By Martha Chikoti, Malawi 24
The African Parks-run Nkhotakota Wildlife Reserve, to the east of Central Malawi and near Lake Malawi, is one of the two large wildlife areas which have suffered evils of poaching by surrounding communities.
Over the years, a high demand for wildlife products has turned the ivory trade into a very lucrative business. The market chain for illegal hunting of wildlife got more sophisticated with the use of modern weapons, there has been a significant increase in the catch leading to a sharp decline in the wildlife population.
Chipata Mountain at Nkhotakota Mountain Reserve
Habitat destruction through bushfires and forest clearance for farmland has also contributed to this decline. The decrease in wildlife populations has been acknowledged as a major concern not only by conservationists but also by local inhabitants whose livelihoods are directly affected.
The 1800 kilometers wildlife reserve is at the centre of three districts of Mzimba, Kasungu and Ntchisi where Miombo woodland has had its habitat destroyed through forest clearance for farmland of Marijuana.
The management of the reserve passed into the hands of African Parks in 2015 and they are making rapid progress carrying out their plans to protect and further develop Nkhotakota. One of the largest elephant translocations in human history took place during 2016/17 with 500 elephants being brought in to Nkhotakota.
Solar powered water tank for communities
To enhance, protect and sustain ecology and economy of the reserve, African Parks partnered with neighboring communities in conserve wildlife.
The Park’s Manager Samuel Kamoto said that ever since they started working with community’s cases of poaching have been reduced remarkably because they have trained and increased number of law enforcement soldiers and in cases where animals break a fence it the same communities that assist the park to allocate place and bring back the animal to the fence.
Kamoto who is also Country Representative for the Park added they have been engaging with communities in many ways such as awareness meetings to try and make them aware about the importance of the park through civic education and asking them to surrender their poaching firearms to them and receive K5000 in return.
“We have done many projects for our social responsibility which include scholarship for students in government secondary Schools, building of school blocks, establishment of solar power water tanks for daily usage, laundry and irrigation.
“We have taken 130 people for full employment job and other 100 for daily basis, these people are members of the surrounding communities, we brought boreholes and water taps after noticing that our neighbors are using unhygienic water for daily basis,” he explained.
Ivy Mzambo, a resident of Nyoka village in area of Traditional Authority Mponde said that before Africa Parks came to their rescue, they had a lot of problems such as water, hunger, lack of school blocks but the situation improved after they made an agreement with the park to work hand in hand in conserving wildlife.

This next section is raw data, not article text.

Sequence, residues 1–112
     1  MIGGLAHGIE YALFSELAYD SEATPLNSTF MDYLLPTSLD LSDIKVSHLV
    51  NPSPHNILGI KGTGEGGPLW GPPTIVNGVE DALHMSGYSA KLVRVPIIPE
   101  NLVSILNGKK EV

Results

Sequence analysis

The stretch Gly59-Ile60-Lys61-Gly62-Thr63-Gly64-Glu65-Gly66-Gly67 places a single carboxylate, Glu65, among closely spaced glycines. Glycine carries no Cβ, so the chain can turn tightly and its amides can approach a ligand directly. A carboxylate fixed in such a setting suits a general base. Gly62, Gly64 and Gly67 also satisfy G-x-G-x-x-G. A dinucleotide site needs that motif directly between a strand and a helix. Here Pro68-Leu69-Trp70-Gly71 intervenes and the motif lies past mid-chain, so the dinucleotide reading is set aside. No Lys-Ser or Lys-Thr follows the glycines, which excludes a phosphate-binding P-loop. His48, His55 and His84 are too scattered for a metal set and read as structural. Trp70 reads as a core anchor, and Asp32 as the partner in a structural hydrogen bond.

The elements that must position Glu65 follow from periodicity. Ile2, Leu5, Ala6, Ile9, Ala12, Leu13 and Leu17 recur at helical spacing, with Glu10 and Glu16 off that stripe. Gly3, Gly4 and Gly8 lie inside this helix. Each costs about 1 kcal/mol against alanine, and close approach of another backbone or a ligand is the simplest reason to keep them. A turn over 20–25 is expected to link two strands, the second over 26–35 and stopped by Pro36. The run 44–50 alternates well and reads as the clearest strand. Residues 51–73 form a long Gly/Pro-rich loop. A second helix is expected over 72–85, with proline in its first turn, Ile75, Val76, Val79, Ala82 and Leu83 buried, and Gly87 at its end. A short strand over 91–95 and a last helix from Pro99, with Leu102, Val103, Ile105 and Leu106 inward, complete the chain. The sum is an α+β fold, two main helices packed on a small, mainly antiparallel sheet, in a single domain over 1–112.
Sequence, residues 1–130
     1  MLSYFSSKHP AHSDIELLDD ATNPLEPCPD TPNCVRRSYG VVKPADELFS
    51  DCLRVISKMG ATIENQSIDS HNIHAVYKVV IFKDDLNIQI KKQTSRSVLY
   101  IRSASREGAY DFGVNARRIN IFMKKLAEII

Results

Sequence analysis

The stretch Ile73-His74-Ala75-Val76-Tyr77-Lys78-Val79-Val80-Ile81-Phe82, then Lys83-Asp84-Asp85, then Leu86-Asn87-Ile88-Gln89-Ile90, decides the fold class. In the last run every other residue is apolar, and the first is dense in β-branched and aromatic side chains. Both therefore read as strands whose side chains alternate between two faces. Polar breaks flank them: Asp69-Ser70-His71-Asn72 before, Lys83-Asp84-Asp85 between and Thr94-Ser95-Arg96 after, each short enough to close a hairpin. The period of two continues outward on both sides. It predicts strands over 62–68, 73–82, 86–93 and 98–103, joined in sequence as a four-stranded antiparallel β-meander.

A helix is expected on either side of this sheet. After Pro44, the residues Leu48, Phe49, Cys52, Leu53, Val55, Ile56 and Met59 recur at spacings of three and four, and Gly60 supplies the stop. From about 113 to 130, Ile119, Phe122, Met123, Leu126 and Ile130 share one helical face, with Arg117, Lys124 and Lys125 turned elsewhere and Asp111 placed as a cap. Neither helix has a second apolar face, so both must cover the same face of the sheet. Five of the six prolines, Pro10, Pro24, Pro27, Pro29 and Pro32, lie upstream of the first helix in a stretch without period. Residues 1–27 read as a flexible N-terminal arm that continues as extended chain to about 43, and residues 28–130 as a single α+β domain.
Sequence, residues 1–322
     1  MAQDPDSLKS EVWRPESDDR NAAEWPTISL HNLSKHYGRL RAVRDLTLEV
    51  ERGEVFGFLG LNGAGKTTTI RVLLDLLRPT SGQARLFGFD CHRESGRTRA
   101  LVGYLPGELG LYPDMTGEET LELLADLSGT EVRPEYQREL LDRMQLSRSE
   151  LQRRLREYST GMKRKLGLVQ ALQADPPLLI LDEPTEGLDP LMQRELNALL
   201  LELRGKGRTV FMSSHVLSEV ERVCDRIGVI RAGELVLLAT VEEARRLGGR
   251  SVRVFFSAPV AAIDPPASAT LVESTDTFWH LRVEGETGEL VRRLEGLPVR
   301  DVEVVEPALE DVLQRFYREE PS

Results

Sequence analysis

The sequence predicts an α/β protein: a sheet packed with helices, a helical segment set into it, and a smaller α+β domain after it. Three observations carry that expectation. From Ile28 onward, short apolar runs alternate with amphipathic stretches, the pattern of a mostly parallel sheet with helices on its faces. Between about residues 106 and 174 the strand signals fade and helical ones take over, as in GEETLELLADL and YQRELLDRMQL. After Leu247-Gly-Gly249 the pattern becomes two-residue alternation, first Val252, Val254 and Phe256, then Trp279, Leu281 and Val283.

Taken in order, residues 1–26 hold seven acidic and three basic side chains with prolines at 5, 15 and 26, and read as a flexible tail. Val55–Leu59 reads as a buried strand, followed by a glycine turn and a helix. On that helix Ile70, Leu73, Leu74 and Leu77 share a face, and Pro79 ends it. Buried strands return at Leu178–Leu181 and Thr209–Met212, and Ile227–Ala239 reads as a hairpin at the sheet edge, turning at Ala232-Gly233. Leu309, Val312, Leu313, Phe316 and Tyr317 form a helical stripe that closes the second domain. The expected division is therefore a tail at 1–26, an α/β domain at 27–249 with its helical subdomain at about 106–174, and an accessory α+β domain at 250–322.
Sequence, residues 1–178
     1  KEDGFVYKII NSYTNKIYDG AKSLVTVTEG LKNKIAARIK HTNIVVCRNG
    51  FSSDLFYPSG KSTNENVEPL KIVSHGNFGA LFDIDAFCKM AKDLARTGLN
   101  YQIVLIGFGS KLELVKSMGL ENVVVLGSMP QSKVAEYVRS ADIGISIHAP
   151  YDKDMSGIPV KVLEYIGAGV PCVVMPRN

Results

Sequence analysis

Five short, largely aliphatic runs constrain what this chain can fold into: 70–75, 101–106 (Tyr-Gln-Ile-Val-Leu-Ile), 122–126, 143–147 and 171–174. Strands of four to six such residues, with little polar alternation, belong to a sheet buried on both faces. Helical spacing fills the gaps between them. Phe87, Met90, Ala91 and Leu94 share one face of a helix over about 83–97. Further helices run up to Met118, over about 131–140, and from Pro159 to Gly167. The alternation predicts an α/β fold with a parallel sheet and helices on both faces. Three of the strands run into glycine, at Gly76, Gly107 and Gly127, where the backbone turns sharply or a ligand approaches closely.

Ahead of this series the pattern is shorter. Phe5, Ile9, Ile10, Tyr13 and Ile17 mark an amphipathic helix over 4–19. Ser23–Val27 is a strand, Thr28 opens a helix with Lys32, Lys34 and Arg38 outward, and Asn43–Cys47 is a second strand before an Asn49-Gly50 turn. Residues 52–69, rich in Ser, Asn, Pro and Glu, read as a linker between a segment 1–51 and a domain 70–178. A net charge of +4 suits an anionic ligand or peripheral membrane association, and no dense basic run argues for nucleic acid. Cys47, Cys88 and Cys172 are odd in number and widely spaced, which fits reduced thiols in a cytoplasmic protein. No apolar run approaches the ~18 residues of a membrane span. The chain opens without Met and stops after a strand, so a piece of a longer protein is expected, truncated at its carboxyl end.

Irrigation farming in surrounding communities
“We have been suffering due to lack of water, we used to fetch water in small hard to reach places where wild animals hide putting our lives at risk because it was only option we had, we tried to reach out to different stakeholders including government for a help but it proved futile.
“African Parks came to our rescue and we are very grateful to them, l can testify today that we will never in our lives experience hunger because we have farms where we grow different vegetables, maize, and other different varieties of crops”, she said.
The improved relations between the communities and the wildlife reserve management has brought stability at the park and has also allowed the management to focus on improving enjoyment for visitors.
A sanctuary has been established and the reserve has been fully fenced to ensure the long term survival of all the animals in this rapidly developing reserve.
As well as the fast developing game viewing safaris, there are opportunities to go walking and hiking in Nkhotakota. Visitors can also paddle canoes on a boat safari down the Bua River as it cuts through the dense bush, or have a go at fishing from the banks of this mighty river.
Bua River Lodge
Recent years have seen the opening of brand new, professionally-run accommodation in Nkhotakota Wildlife Reserve for the first time. Three lodges of international standards have been built: Bua River Lodge, Tongole Wilderness Lodge and Kachenga Bush Camp, more recent sister property of Tongole.
The Tongole Foundation supports the local communities through a variety of projects and guests at the lodges are invited to engage with those local communities.
Just outside the Reserve on its eastern boundary (close to Lake Malawi) is the new Rafiki Safari Camp, opened in 2019, and offering luxury tented safari units and camping.
In 2019, the sanctuary was extended to cover 80,000 hectares with access to the Bua river included within the boundary, offering frequent up close wildlife viewing for guests at both lodges.